Tagged: The Blitz

Following on from my last post, here is another photograph of Church Street taken some 70 years later.
It takes a moment to work out the location, but the Bluecoat Chambers in the background is the giveaway. The whole area was badly bombed in the War and the empty site is where Russell’s, watch makers and jewellers, had their store. The building was well-known for a large ornamental clock attached to its corner with Church Alley (the corner of their building with part of the clock can just be seen on the far left of the previous 1880 photograph).
After the War, the site was acquired by the Littlewood empire and has since become Primark.
The street immediately behind the cleared site is Old Post Office Place, a dog-leg of a street, once a busy backstreet but since the post-War rebuilding little more than a service road for the shops fronting Church Street. The Bluecoat, too, was bombed but fortunately most of the shell survived. What a loss it would have been to have lost such a key, early building.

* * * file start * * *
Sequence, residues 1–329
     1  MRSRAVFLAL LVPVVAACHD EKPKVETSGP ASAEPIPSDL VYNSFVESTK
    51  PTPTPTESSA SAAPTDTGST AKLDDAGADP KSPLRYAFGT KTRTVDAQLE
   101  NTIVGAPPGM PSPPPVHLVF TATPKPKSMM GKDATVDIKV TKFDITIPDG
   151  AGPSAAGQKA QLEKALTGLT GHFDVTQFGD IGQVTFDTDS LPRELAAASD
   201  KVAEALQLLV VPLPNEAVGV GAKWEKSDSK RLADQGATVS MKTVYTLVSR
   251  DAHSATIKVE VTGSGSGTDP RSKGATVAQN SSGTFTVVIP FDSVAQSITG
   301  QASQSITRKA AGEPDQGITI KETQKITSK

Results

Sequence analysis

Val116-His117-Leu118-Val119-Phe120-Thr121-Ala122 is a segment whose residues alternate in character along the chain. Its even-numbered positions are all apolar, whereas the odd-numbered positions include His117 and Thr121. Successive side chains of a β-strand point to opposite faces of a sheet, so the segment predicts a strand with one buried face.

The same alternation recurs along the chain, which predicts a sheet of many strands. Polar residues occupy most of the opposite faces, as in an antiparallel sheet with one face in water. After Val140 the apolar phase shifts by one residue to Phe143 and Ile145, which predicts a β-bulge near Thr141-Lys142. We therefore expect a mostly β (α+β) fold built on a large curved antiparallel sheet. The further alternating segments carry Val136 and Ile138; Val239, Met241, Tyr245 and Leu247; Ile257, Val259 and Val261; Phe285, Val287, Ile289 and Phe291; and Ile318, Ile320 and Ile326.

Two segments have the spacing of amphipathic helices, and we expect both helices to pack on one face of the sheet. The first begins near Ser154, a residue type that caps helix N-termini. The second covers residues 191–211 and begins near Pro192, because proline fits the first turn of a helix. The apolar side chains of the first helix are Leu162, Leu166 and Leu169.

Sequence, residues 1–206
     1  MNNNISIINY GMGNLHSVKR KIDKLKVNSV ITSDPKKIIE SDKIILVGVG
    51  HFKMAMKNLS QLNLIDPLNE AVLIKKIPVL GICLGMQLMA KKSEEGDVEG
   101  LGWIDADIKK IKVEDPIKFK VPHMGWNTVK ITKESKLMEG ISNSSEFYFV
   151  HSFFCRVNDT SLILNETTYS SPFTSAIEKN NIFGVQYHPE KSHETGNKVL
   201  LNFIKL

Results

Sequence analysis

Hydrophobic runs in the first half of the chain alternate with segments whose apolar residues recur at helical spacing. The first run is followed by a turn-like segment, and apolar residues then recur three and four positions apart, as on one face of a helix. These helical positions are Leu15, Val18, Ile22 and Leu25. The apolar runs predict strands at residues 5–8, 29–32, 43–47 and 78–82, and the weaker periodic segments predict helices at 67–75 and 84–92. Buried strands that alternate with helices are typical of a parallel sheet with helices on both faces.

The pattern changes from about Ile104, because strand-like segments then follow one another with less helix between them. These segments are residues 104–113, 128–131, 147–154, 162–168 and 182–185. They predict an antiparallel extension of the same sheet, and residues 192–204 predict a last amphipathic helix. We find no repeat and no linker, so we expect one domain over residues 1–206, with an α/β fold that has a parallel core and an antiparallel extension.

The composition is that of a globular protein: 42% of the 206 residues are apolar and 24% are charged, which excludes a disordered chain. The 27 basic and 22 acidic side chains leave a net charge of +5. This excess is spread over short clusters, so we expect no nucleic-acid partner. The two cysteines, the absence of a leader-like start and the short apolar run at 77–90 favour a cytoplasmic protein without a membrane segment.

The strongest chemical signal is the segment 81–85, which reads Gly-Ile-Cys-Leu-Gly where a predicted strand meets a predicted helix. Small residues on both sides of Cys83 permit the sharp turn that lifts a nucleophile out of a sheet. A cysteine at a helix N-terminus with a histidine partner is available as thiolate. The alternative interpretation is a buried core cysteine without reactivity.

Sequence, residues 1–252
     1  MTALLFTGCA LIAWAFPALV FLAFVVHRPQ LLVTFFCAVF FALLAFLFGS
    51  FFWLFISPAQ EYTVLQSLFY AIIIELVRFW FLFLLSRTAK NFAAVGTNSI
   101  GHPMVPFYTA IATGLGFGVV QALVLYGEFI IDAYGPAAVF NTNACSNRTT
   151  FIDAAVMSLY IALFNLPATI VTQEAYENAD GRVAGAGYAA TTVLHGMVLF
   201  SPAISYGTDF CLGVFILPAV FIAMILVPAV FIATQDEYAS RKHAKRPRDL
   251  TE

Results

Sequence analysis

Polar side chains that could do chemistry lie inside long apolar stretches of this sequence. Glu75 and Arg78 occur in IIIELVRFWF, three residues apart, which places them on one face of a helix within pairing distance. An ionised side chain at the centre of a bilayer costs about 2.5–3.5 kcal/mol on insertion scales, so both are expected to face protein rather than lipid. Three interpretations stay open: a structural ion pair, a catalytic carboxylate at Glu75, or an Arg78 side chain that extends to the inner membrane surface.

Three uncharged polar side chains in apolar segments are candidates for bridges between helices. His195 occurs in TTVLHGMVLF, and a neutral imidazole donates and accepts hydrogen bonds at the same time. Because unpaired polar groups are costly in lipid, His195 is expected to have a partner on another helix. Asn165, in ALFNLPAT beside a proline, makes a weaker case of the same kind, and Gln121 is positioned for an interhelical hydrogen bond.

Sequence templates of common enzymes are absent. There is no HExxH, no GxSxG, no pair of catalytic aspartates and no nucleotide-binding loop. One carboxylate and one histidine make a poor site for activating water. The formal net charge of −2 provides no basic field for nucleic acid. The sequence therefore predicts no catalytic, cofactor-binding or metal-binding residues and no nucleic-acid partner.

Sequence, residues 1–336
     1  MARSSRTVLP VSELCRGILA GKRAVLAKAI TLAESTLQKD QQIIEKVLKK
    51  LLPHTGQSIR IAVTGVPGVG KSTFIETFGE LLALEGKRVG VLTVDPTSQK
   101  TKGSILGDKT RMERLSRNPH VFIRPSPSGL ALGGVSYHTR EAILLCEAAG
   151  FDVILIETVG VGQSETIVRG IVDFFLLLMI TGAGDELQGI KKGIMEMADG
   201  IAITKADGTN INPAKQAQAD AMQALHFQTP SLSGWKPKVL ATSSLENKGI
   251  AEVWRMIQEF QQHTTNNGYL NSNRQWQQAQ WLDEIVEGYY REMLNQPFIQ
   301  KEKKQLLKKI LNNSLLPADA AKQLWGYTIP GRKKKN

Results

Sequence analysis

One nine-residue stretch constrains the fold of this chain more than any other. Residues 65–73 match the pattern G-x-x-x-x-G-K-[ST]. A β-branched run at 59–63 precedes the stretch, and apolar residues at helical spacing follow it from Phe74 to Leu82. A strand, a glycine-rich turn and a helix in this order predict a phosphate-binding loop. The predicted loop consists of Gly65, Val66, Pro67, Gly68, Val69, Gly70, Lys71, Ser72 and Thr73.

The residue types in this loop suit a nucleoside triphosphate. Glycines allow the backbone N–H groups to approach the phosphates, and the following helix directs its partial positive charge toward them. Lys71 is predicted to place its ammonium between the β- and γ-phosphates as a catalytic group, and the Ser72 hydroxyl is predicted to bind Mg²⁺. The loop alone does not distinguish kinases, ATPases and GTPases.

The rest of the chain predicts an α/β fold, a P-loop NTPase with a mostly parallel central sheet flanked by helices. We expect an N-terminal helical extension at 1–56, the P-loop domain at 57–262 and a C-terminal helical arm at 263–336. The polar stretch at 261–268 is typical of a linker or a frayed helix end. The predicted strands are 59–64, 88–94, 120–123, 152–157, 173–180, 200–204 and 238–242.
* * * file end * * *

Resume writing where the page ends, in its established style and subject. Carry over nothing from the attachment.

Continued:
Watching BBC News this morning, I was made aware that today marks the 70th anniversary of the start of the Blitz. As always, the focus was on London – with just an incidental mention that other places in the country were also affected. I was going to post these photographs in November to mark the Durning Road tragedy but the news item made me reconsider the timing. The direct hit on the large underground shelter in Durning Road, Edge Hill, was the worst single incident in the Liverpool Blitz as regards loss of life.
In the early hours of 29 November 1940, during the heaviest air raid to date, a parachute mine hit the Junior Instruction Centre in Durning Road, collapsing into the shelter below and crushing many of its 300 occupants. Boiling water from the central heating system and gas from fractured mains poured in. Raging fires overhead also made rescue work extremely dangerous. In all, 166 men, women and children were killed. Many more were badly injured. Joe Lucas lost two brothers and two sisters in the tragedy and recalled that his traumatised mother did not speak for six months.

We are not very good at marking such events but there is still time to have some form of official recognition of such a terrible event. I am writing to the Lord Mayor – and I hope others will make some representation to have a small ceremony of some kind. After all, Liverpool did have the highest number of casualties of any city outside of London and it is important that there is recognition of such suffering.